Server is primarily a program that runs on a machine, providing a particular and specific service to other machines connected to the machine on which it is found. Generally speaking, a server is a machine with a specific set of programs that offer different types of service, which other machines (then called clients) request to do certain tasks. For example, a file server is a machine which keeps files, and allows clients to upload and download them from it. A web server is a machine that hosts web sites and allows Internet users (clients) to access these web sites.[1] See also taxonomy of servers.

Here are some common types of servers:

A network server is a computer designed to process requests and deliver data to other (client) computers over a local network or the Internet. Network servers typically are configured with additional processing, memory and storage capacity to handle the load of servicing clients. Any computer can be a "network server". What separates a server from a workstation is not the hardware, but rather the function performed by the computer. In general, a workstation is any computer used by an individual person to perform his or her job duties, while a network server is any computer that provides users with access to shared software or hardware resources.

Client Server Networks


The term client-server model refers to a popular model for computer networking that utilizes client and server devices each designed for specific purposes. The client-server model can be used on the Internet as well as local area networks (LANs).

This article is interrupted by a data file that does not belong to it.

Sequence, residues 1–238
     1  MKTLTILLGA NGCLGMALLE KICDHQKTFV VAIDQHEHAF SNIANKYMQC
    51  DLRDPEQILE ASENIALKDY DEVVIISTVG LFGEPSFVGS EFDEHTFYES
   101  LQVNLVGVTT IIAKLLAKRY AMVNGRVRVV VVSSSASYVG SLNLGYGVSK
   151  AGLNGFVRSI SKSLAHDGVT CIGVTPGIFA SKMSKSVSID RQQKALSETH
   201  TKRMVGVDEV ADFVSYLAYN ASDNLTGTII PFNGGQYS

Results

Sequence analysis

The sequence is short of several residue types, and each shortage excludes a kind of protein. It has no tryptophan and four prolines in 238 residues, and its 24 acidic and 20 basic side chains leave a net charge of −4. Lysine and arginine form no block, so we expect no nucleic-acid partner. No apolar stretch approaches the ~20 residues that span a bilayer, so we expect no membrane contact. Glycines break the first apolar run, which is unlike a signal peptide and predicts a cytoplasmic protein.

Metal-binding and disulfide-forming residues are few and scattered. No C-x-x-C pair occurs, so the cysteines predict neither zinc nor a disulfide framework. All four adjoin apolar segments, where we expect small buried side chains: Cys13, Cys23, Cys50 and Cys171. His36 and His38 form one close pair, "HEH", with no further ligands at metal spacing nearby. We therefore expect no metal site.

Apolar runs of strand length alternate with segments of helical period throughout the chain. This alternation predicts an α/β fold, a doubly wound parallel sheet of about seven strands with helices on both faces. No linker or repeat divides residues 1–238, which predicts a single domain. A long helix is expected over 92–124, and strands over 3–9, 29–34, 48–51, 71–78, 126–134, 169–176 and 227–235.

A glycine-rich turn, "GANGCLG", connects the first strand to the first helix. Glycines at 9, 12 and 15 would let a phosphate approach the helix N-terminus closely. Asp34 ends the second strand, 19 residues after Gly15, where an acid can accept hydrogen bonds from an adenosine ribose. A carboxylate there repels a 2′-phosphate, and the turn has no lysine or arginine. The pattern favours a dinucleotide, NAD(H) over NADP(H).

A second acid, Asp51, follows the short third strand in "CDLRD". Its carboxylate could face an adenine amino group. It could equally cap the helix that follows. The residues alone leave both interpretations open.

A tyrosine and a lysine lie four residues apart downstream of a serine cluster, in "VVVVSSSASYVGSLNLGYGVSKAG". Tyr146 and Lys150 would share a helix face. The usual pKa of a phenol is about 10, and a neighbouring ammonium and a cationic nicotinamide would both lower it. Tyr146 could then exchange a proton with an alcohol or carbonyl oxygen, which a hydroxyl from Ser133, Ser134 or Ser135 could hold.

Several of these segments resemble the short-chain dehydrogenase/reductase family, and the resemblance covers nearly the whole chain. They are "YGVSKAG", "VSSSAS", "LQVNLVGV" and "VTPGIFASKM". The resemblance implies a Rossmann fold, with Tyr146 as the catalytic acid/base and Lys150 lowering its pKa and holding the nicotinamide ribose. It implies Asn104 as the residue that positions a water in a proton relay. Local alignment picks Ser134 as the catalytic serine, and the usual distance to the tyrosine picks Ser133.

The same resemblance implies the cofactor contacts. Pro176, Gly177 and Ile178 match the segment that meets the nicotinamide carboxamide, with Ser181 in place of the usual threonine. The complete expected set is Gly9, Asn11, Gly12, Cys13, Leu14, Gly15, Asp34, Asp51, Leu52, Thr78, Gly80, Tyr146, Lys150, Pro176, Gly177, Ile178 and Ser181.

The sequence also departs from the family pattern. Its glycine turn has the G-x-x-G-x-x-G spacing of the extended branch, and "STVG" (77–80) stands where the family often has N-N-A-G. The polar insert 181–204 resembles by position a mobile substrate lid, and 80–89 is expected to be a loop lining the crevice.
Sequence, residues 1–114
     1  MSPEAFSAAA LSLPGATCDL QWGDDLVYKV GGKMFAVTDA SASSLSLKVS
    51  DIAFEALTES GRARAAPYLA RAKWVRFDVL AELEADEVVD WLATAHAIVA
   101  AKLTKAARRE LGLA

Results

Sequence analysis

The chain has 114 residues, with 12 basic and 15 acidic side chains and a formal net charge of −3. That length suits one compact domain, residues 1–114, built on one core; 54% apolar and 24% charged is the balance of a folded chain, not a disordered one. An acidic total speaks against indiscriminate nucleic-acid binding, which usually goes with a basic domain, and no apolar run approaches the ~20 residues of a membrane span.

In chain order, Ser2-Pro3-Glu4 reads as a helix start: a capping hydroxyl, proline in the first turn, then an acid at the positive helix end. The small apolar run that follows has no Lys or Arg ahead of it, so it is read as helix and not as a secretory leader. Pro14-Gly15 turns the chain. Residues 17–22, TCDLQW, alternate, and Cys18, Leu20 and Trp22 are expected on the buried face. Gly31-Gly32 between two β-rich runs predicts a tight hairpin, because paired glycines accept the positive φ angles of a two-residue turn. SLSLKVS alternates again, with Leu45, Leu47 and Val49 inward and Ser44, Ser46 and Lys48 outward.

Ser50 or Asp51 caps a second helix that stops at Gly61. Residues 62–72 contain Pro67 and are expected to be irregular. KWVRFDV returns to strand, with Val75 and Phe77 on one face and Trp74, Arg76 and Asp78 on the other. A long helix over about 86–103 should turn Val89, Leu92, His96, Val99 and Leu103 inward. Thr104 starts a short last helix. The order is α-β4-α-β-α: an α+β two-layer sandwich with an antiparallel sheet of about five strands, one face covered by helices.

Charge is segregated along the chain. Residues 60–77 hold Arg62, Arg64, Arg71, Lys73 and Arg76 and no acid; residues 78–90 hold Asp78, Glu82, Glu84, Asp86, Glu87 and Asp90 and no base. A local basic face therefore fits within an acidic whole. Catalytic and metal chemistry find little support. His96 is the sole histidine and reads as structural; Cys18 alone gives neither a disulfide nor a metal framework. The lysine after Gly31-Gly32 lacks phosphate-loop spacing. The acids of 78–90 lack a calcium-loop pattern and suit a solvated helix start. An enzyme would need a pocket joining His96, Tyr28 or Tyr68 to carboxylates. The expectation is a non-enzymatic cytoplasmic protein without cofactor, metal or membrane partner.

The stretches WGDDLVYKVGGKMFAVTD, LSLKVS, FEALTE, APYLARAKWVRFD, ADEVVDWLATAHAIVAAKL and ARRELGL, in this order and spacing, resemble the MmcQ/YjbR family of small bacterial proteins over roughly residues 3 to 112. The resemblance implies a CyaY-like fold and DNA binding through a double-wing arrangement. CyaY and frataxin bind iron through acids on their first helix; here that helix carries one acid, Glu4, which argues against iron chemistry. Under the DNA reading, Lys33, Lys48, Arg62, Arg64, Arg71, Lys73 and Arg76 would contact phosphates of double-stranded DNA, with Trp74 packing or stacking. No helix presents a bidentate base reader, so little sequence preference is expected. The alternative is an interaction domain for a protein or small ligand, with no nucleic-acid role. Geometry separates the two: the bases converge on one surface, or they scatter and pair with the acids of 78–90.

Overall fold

Examples of client-server systems

Client and Server Devices
Client devices are typically PCs with network software applications installed that request and receive information over the network. Mobile devices as well as desktop computers can both function as clients. A server device typically stores files and databases including more complex applications like Web sites. Server devices often feature higher-powered central processors, more memory, and larger disk drives than clients.

Client-Server Applications
The client-server model distinguishes between applications as well as devices. Network clients make requests to a server by sending messages, and servers respond to their clients by acting on each request and returning results. One server generally supports numerous clients, and multiple servers can be networked together in a pool to handle the increased processing load as the number of clients grows.
Some of the most popular applications on the Internet follow the client-server model including Web browsers, email, FTP clients, Web services, Web servers and DNS. Each of these clients features a user interface (either graphic- or text-based) and a client application that allows the user to connect to servers. In the case of email and FTP, users enter a computer name (or sometimes an IP address) into the interface to set up connections to the server.

Client-Server vs Peer-to-Peer and Other Models
The client-server model was originally developed to allow more users to share access to database applications. Compared to the mainframe approach, client-server offers improved scalability because connections can be made as needed rather than being fixed. The client-server model also supports modular applications that can make the job of creating software easier. In so-called "two-tier" and "three-tier" types of client-server systems, software applications are separated into modular pieces, and each piece is installed on clients or servers specialized for that subsystem. [1]